Altmetric

Interprofessional Communication of Clinicians Using a Mobile Phone App: A Randomized Crossover Trial Using Simulated Patients

File Description SizeFormat 
fc-xsltGalley-4854-80803-13-PB.pdfPublished version12.8 MBAdobe PDFView/Open
Title: Interprofessional Communication of Clinicians Using a Mobile Phone App: A Randomized Crossover Trial Using Simulated Patients
Authors: Patel, B
Johnston, M
Cookson, N
King, D
Arora, S
Darzi, A
Item Type: Journal Article
Abstract: Background: Most hospitals use paging systems as the principal communication system, despite general dissatisfaction by end users. To this end, we developed an app-based communication system (called Hark) to facilitate and improve the quality of interpersonal communication. Objective: The objectives of our study were (1) to assess the quality of information transfer using pager- and app-based (Hark) communication systems, (2) to determine whether using mobile phone apps for escalation of care results in additional delays in communication, and (3) to determine how end users perceive mobile phone apps as an alternative to pagers. Methods: We recruited junior (postgraduate year 1 and 2) doctors and nurses from a range of specialties and randomly assigned them to 2 groups who used either a pager device or the mobile phone-based Hark app. We asked nurses to hand off simulated patients while doctors were asked to receive handoff information using these devices. The quality of information transfer, time taken to respond to messages, and users’ satisfaction with each device was recorded. Each participant used both devices with a 2-week washout period in between uses. Results: We recruited 22 participants (13 nurses, 9 doctors). The quality of the referrals made by nurses was significantly better when using Hark (Hark median 118, range 100–121 versus pager median 77, range 39–104; P=.001). Doctors responded to messages using Hark more quickly than when responding to pagers, although this difference was not statistically significant (Hark mean 86.6 seconds, SD 96.2 versus pager mean 136.5 seconds, SD 201.0; P=.12). Users rated Hark as significantly better on 11 of the 18 criteria of an information transfer device (P<.05) These included “enhances interprofessional efficiency,” “results in less disturbance,” “performed desired functions reliably,” and “allows me to clearly transfer information.” Conclusions: Hark improved the quality of transfer of information about simulated patients and was rated by users as more effective and efficient, and less distracting than pagers. Using this device did not result in delay in patient care.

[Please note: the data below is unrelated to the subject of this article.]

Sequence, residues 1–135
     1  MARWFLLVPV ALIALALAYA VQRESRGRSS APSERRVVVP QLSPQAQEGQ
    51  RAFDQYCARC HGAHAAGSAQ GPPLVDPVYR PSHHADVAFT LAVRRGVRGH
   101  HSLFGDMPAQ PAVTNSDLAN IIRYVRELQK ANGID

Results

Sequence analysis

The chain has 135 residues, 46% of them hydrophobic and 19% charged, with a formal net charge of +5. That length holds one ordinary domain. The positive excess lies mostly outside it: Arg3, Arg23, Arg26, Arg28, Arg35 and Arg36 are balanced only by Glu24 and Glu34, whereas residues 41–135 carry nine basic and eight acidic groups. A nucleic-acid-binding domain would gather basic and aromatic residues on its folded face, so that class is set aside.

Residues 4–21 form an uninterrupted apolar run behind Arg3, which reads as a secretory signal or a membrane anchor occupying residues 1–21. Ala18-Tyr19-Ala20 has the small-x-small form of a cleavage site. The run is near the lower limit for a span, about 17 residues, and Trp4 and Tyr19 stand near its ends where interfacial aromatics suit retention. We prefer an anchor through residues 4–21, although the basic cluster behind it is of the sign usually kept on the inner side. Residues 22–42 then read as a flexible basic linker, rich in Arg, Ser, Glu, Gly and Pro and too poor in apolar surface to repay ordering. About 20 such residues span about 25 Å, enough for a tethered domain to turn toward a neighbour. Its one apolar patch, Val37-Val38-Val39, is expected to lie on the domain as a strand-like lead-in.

Issue Date: 6-Apr-2016
Date of Acceptance: 4-Jan-2016
URI: http://hdl.handle.net/10044/1/58769
DOI: https://dx.doi.org/10.2196/jmir.4854
ISSN: 1438-8871
Publisher: JMIR PUBLICATIONS, INC
Journal / Book Title: JOURNAL OF MEDICAL INTERNET RESEARCH
Volume: 18
Issue: 4
Copyright Statement: ©Bhavesh Patel, Maximilian Johnston, Natalie Cookson, Dominic King, Sonal Arora, Ara Darzi. Originally published in the Journal of Medical Internet Research (http://www.jmir.org), 06.04.2016. This is an open-access article distributed under the terms of the Creative Commons Attribution License (http://creativecommons.org/licenses/by/2.0/), which permits unrestricted use, distribution, and reproduction in any medium, provided the original work, first published in the Journal of Medical Internet Research, is properly cited. The complete bibliographic information, a link to the original publication on http://www.jmir.org/, as well as this copyright and license information must be included.
Sponsor/Funder: National Institute for Health Research
Funder's Grant Number: NF-SI-0510-10186
Keywords: Science & Technology
Life Sciences & Biomedicine
Health Care Sciences & Services
Medical Informatics
communication
mobile phone
pager
applications
apps
escalation of care
simulation
CARE
ENVIRONMENT
SURGERY
SMARTPHONE
ESCALATION
FAILURE
RESCUE
IMPACT
INTERVENTIONS
INFORMATION
08 Information And Computing Sciences
11 Medical And Health Sciences
17 Psychology And Cognitive Sciences
Publication Status: Published
Article Number: ARTN e79
Appears in Collections:Division of Surgery
Faculty of Medicine



Items in DSpace are protected by copyright, with all rights reserved, unless otherwise indicated.

Creative Commonsx